Just day to day life here is an adventure. Sometimes the island is out of gasoline for four days, and when it arrives, it can take four hours of waiting in the gas line–but we do it because we have to. There have been three power outages in the past week, and my restaurant stayed open all three times. Driving here is like playing MarioKart when you’re drunk, except the obstacles in the road are horses, potholes and dogs. Occasionally a kayak, a mongoose, a goat or an iguana. And we are all daily players in each other’s lives, because there aren’t that many of us. There are days, usually Mondays or Tuesdays when we all have the day off, where twenty of my friends and I will gather at the same beach and spend the whole day just goofing off. Why is that possible here, but nearly impossible at home? Because we’re not working like dogs and so excessively over-scheduled and overcommitted that we barely have time to sleep. We live cheaply, we work minimally, we get by, and we have time to enjoy our lives. Our furniture and appliances might fall apart at any moment, but we’ll figure it out because that’s what you do here. You make it work. And it makes you work less. Almost everyone I know here is happy, which is so not the case at home. I’m practically ecstatic. Every day I wake up feeling blessed with plentitude and completely appreciating everything I have.

It’s not much, but it’s enough.

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Musings on Time and Gratitude

This morning I woke up around six a.m. to use the bathroom and when I opened the fridge to grab a drink of juice (which I expected to be warm), I was pleasantly surprised to see the light on in the fridge, indicating that power had been restored to Vieques. In all honesty, I had no expectation that we’d have power back so soon, as I had no confirmation of what the source of the outage was. Rumor had it last night that there was no power on parts of the main island, that perhaps the outage had to do with the solar storm and resulting earthquakes– in my mind, we could have been without power for days. I was prepared for it. At least we still had running water, a house, and a gate around that house to protect us.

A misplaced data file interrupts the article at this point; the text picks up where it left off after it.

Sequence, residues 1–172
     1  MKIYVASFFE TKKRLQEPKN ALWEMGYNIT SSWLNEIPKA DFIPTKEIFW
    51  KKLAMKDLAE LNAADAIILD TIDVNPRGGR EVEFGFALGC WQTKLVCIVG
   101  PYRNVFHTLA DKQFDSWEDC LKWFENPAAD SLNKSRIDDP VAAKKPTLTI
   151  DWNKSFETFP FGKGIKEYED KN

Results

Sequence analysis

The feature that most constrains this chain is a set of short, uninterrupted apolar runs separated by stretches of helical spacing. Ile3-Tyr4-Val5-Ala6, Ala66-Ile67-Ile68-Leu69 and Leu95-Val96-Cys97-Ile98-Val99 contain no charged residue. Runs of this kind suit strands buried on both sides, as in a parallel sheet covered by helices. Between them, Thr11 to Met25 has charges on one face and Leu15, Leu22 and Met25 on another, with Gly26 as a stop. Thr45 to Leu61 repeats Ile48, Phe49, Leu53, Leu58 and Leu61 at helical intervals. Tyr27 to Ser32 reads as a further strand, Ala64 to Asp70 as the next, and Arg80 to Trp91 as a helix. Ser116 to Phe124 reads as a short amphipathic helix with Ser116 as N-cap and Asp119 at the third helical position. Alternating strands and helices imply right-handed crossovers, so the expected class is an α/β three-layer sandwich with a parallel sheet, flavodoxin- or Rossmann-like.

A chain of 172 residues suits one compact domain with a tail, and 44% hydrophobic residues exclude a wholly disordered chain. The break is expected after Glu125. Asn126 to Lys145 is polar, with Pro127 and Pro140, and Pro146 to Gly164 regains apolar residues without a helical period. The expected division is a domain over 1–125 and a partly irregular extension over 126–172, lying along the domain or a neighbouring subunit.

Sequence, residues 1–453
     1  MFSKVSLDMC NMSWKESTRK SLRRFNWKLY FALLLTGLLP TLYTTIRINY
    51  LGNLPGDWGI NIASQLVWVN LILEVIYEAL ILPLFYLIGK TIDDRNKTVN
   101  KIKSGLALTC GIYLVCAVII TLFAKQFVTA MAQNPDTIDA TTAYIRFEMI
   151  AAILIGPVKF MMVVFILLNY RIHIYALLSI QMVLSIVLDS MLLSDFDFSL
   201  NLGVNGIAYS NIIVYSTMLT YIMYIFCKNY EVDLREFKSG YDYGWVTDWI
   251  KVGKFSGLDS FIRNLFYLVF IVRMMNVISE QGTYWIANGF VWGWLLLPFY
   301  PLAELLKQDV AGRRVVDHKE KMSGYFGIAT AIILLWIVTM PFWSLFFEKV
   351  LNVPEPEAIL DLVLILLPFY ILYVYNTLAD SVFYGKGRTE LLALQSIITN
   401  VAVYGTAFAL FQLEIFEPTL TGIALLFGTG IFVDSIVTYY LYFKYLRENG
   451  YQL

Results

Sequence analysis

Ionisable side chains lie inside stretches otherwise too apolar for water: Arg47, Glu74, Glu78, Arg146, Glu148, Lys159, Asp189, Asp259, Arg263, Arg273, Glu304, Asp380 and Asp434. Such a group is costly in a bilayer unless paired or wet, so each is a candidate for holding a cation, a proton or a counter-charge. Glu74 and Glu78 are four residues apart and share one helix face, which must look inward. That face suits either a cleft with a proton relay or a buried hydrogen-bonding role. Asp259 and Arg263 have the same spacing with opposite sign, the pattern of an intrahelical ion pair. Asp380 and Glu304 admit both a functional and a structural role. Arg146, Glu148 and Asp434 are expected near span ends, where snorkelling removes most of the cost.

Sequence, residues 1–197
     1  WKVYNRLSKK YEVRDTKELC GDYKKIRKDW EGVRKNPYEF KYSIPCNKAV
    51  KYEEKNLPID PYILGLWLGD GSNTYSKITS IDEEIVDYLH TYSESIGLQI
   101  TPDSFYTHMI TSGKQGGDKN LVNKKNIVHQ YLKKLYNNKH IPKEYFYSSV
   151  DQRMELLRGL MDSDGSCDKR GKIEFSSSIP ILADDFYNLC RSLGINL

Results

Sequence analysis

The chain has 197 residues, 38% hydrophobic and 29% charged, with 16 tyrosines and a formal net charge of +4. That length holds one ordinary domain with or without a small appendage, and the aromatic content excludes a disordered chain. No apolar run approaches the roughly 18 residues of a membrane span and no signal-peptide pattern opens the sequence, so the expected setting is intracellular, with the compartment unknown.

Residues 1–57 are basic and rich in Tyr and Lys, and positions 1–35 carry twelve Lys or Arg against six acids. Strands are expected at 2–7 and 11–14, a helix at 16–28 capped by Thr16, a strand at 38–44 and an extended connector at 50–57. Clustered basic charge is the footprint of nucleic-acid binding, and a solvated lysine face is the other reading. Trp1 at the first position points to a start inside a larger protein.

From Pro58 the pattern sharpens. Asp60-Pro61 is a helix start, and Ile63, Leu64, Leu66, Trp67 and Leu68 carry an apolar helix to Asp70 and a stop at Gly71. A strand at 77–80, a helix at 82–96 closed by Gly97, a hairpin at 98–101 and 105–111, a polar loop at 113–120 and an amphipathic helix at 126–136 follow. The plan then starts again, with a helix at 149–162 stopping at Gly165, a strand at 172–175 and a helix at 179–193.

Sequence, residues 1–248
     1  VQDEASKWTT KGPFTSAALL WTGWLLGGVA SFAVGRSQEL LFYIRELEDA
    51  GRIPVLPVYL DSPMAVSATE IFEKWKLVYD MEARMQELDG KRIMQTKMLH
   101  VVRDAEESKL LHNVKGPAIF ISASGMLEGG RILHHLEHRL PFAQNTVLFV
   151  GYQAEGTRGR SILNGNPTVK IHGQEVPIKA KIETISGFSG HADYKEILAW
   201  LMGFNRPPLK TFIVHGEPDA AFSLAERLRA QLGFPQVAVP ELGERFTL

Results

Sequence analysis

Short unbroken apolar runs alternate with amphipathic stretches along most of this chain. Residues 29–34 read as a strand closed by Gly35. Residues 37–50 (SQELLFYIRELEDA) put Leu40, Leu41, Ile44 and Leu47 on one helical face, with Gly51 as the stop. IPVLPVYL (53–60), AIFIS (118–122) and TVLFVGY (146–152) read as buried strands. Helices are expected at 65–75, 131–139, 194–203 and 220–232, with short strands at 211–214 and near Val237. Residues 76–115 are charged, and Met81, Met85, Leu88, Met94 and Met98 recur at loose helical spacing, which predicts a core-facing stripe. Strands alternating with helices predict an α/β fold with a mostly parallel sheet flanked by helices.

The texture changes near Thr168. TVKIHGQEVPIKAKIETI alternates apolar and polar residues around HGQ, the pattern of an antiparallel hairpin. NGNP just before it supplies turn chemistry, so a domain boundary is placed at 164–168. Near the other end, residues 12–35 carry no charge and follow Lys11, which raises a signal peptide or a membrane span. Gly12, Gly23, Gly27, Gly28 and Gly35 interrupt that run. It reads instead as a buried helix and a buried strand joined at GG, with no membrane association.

Turns out it was simply corroded wires, and the power was restored by morning, which, given my expectations, was a treat.

If there is one thing that I love about Vieques more than anything else, it’s that it makes me appreciate the small things in life. The simple necessities. It makes me grateful for the things that we take so much for granted at home. Running water. Locking doors. Privacy. Electricity. After camping for ten days, those things seem like a luxury, and every day I’m grateful for them.

And without all of the trappings of home –TV, internet, movie theaters, scads and scads of retail outlets vying for every last dime in your wallet– I find I appreciate the natural world around me more here than I do at home. Not that I don’t appreciate nature at home, but without anything else to do, there is really no choice here most days but to go to the beach, take pictures, go for a hike, or kayak, or paddleboard, or hop aboard a friend’s boat. On Vieques, there’s plenty of time to do all those things we keep telling ourselves we don’t have time for at home. The truth is, we have time for them all at home, but we fill up that time with unnecessary activities, most of which involve earning or spending money. It’s refreshing not to have the option of filling up my schedule with bullshit. I’ve been to the beach every day this week, and I DO have a job. My rent is $200 a month, and although the place is not a palace, it’s enough. It’s all I really need.

The other huge benefit to living without all the unnecessary extras we call “normal” at home is that I have plenty of time to think, to reflect, to write, to read, and to daydream. I think we Americans have trained ourselves to think these are the unnecessary extras, when the truth is quite the opposite. If we spend all of our time working in order to pay for all the things that we really don’t NEED, we don’t have time to live. To be. To relax. To think. To be happy, and REALIZE that we are happy. Our priorities are all messed up.

In the perpetual quest for material wealth that is contemporary American society, we have lost sight of what is really important: the quest for happiness. We all know, on a surface level, that money can’t buy happiness. But then why do we keep trying to fill whatever empty place exists in us with material things? Why do we get ourselves into crippling debt buying toys and clothes and fancy home furnishings and zippy cars? Wouldn’t being debt-free be more satisfying than having all those things at such a steep price? Because the price is not just the debt, and the stress of the debt, but the TIME spent trying to pay off the debts; time that we should be spending with our friends and loved ones, enjoying nature, making art, cooking and eating, listening to music, relaxing, and doing the things that will ACTUALLY make us happy.

Time is the most valuable resource we have, and we waste far too much of it. We waste it on working to pay for things we don’t actually need. We waste it on anger, stress, resentment and guilt. We waste it on pointless activities like video games, television and facebook. Don’t get me wrong; I’m not simply proselytizing–I’m just as guilty as anyone else. But I’m trying to shift the balance of how I spend my time and money, because as I’ve learned here on Vieques, I’m a hell of a lot happier when I’ve got less money, less trappings and all the time I want to sit in the hammock and read my book. Or to sit here, at half past noon on a Wednesday, and write to you.